St. Valentine 2020 (part iii)

I run up and down Main Street. Trying to appear not too insane.

I rush the bank in calculated urgency.

“Do you have an emergency defibrillator machine?”

“A what?”

“An emergency defibrillator machine?!”

“A what?!”

“Shock paddles. For someone having a heart attack?”

“No.”

I keep looking shop to restuarant to bank.

The paramedics arrive.

I return to the bistro.

We throw tables and chairs to clear a path.

~

“We’ve been doing CPR for nine minutes continuously,” says one of the nurse practitioners to the paramedics.

I see the glow of his Bardo.

~

And, yes, by the time I returned, his face had grown green and empurpled with veins.

He looked dead.

The paramedics take out the prize of a pair of paddles.

Finally. The defibrillator has arrived.

Fashionably late to the luncheon party.

They shock his heart.

His exposed chest heaves. He starts breathing.

He exhales; and, from this rest his next interval proceeds.

The color returns to his cheeks, though he remains unconscious.

Lazarus. The corpse reanimated before our stunned, gaping eyes.

~

A woman presents a check presenter containing her tab and a credit card, under my downcast eyes.

“I need to pay for this,” she says.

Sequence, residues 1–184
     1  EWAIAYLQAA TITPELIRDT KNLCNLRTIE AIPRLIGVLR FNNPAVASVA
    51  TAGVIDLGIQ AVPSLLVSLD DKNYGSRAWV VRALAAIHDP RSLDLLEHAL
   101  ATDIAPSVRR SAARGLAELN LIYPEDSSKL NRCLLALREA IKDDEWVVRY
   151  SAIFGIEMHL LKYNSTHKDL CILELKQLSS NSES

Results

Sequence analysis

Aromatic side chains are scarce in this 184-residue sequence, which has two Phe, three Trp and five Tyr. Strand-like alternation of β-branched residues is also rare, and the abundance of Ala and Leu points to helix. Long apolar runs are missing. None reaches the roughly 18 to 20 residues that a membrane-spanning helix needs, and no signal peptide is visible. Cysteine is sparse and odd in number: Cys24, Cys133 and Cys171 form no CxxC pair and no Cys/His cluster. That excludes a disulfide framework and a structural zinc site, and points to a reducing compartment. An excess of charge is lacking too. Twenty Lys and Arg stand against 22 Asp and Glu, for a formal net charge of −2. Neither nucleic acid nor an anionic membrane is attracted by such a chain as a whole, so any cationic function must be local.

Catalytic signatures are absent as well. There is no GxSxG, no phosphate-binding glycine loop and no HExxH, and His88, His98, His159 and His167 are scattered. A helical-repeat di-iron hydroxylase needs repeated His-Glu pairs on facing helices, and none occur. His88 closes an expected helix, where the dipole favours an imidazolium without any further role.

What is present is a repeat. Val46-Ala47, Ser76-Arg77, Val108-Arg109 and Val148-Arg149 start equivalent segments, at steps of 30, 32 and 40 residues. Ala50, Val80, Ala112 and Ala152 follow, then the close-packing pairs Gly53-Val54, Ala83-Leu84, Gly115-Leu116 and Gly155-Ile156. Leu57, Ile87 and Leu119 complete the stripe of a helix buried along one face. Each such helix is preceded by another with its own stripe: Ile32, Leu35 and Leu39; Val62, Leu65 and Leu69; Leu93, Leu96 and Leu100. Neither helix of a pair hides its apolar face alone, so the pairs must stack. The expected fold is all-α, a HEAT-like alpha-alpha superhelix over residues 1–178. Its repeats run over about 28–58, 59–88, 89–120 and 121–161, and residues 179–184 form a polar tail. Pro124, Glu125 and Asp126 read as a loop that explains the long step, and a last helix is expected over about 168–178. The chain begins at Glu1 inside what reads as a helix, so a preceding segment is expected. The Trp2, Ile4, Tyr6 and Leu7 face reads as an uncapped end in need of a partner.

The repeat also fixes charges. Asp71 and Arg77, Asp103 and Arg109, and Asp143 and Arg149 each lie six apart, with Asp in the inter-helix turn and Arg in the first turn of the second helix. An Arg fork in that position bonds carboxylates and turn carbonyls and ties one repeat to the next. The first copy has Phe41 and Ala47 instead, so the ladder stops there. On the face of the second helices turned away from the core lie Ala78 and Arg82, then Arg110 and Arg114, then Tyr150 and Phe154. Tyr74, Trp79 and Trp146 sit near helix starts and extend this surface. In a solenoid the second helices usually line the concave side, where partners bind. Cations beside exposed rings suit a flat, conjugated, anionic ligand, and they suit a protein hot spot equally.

I respond without thinking, muscle memory taking over in the face of surprise and confusion, “One moment.”

I look up and see the face of Lazarus’ wife looking into me with tea saucers for eyes.

“Oh. No ma’am. We will take care of this.”

“How kind,” she dreamily responds.

~

The paramedics remove him to the sojourn of their ambulance.

I lock the front door.

Everyone decompresses.

Talking to a pair of diners, the owner accidentally drops and breaks a piece of stemware.

The busser rushes over to make ammends.

I reconfigure the dining room slowly.

Until it appears as though nothing happened at all.

I walk to table 12 and tell the pair of practitioners, “Thank you.”

Turns out they are engaged to be married in September.

Trying to enjoy a simple Valentine’s lunch.

The ambulance encasing him remains parked outside for twenty minutes. This is a good thing, apparently.

~

The ambulance drives away.

The staff makes a collective exhalation.

Pneuma.

~

I unlock the front door.

I say, “Happy Valentine’s Day. Welcome. Party for two?”

Wearing eyes like tea saucers.

Appearing disembodied and ghoulish.

Author: writtencasey

I am fascinated by the scientific endeavor and I read about or engage with those processes as much as possible. I am a compulsive reader and writer. With a background in anthropology and as an arm-chair/backyard scientist, I hope to improve my writing skills and learn about any areas of weakness or misunderstanding in my analytic skills. I am excited to share. Thank you for spending time here. Please reach out if you are so inclined. I'd be excited to hear from you.

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